Some 38 Heads of State and government as well as high-level delegation leaders from 32 other countries ended the 13th summit of the Francophonie in Montreux, Switzerland, yesterday with a clear resolve to get the world’s French-speaking countries play a bigger role in the conduct of world affairs.
President Paul Biya and peers from around the world ended their summit in the Swiss resort of Montreux yesterday with a clear resolve to ensure a greater role for the Francophonie. On paper, that looks a little difficult, especially as the Francophonie membership is drawn essentially from the poor counties, notably in Africa. But, infact, at Montreux, they found one great advocate of that course in the person of the French President Nicolas Sarkozy. In his address at the opening session of the summit, he took a very clear posture of one ready to take the francophone cause to where ever possible. He announced to the summit that he was going to take advantage of the French presidency of the G-20 and G-8 starting in the days ahead to press forth, not only the Francophonie cause, but a greater role for the developing nations. He questioned the wisdom in expecting peace across the world when numerous important actors were left out of the decision-making process and drew thunderous applause when he said the time had come for the African continent to provide a candidate for a seat on the UN Security Council. In the same manner, he suggested that Latin America be given the same consideration while the economic might of Japan and Germany and the demographic strength of India made them potential candidates for the Security Council membership. Mr Sarkozy, who is leader of the sole Francophone country with a seat in the Council, had arrived in Montreux barely minutes before the opening of the summit in a French military helicopter and was visibly seen to be given the respect and consideration of the main provider of funds for the International Organisation of the Francophonie with its membership of 70 nations or national communities among which are 56 full members and 14 observers spanning the five continents. With the tone set by Mr Sarkozy, the determination to get the body into a more proactive posture in international politics could only be evident. And there are arguments to show, least of which is not the one-third membership of the UN and the charisma of the current Secretary-General of the organization and Senegal’s former President Abdou Diouf.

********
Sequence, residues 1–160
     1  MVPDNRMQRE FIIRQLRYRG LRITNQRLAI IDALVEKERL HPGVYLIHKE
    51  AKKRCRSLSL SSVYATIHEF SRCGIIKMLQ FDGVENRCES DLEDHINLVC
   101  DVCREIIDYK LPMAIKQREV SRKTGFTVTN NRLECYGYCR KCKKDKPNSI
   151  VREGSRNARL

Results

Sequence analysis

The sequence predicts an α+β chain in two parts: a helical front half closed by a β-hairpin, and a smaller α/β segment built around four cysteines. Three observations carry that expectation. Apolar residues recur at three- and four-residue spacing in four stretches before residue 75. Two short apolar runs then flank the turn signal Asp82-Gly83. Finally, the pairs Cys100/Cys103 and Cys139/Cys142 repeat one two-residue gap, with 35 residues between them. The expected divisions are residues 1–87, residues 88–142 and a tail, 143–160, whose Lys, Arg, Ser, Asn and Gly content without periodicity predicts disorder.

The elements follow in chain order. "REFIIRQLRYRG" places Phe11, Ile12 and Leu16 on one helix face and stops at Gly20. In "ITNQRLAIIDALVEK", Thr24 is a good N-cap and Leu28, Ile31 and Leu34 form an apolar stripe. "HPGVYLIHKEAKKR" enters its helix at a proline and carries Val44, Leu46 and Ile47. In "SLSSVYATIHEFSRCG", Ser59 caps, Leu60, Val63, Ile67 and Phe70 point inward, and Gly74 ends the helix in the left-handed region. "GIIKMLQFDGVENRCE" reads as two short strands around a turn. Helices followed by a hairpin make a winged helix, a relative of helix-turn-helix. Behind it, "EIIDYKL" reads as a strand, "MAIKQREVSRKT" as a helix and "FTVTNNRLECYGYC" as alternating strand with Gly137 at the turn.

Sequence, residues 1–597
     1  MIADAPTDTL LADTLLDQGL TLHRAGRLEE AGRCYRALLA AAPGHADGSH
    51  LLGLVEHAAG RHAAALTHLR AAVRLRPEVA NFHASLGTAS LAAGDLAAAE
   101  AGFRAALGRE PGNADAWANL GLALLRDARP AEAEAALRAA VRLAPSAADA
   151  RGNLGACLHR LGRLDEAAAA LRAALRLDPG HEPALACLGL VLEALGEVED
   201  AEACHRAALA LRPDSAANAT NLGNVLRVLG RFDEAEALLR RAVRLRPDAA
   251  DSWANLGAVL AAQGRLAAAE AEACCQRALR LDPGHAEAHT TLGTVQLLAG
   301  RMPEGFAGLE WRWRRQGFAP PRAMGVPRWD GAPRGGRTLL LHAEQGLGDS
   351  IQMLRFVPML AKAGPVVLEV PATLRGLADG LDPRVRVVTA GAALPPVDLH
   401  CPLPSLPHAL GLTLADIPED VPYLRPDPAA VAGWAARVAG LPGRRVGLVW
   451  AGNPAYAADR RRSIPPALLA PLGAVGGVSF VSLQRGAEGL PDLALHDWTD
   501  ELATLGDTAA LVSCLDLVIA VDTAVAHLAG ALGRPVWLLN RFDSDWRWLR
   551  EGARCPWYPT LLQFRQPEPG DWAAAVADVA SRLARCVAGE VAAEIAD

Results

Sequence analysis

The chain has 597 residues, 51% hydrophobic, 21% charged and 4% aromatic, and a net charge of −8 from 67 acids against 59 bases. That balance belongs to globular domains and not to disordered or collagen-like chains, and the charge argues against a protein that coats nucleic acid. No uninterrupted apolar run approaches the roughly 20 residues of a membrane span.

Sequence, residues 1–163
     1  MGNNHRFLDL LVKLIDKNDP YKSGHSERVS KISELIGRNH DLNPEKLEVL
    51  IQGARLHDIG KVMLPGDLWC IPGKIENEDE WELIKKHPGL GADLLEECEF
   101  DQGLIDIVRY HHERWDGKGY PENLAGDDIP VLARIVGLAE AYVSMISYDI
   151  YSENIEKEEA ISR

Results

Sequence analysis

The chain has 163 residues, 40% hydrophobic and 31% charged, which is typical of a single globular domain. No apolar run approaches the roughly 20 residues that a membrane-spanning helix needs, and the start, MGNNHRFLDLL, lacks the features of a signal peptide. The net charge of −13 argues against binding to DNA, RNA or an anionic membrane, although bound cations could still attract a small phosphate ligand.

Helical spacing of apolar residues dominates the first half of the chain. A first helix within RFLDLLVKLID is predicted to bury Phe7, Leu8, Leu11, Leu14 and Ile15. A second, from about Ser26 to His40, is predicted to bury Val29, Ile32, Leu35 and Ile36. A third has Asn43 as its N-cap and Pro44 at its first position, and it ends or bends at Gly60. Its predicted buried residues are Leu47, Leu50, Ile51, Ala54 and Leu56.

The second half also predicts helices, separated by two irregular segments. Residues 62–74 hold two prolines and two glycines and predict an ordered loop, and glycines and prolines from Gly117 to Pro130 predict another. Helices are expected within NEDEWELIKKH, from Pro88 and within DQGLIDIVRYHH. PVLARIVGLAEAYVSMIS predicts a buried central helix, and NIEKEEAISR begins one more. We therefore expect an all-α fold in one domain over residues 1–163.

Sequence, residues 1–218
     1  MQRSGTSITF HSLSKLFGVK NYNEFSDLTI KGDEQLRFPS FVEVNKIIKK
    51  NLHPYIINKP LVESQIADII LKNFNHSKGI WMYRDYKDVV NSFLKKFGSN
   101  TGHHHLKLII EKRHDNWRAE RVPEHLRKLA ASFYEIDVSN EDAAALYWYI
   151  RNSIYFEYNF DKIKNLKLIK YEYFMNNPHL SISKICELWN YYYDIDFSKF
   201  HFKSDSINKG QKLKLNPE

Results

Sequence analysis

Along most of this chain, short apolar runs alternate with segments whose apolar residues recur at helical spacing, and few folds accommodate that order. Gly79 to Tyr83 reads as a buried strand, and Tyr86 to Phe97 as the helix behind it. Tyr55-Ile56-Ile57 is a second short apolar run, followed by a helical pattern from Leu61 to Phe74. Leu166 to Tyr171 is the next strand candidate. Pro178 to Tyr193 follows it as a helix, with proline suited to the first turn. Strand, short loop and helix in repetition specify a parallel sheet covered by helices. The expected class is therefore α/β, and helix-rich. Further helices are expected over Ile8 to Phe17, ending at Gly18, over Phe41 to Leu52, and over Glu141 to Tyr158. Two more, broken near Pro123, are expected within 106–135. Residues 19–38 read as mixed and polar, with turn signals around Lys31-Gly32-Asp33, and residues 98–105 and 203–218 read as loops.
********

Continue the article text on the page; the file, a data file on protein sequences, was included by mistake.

It was probably in the effort to manifest this new strength that several speakers at the opening ceremony indirectly expressed their support for a second four-year term for Mr Diouf. In fact, the election scheduled for yesterday Sunday shortly before the closing ceremony, was brought back to Saturday. The outgoing Secretary-General got a clean sheet of approval from the summit and is being endowed with the responsibility of giving the Francophonie, this new thrust in international politics.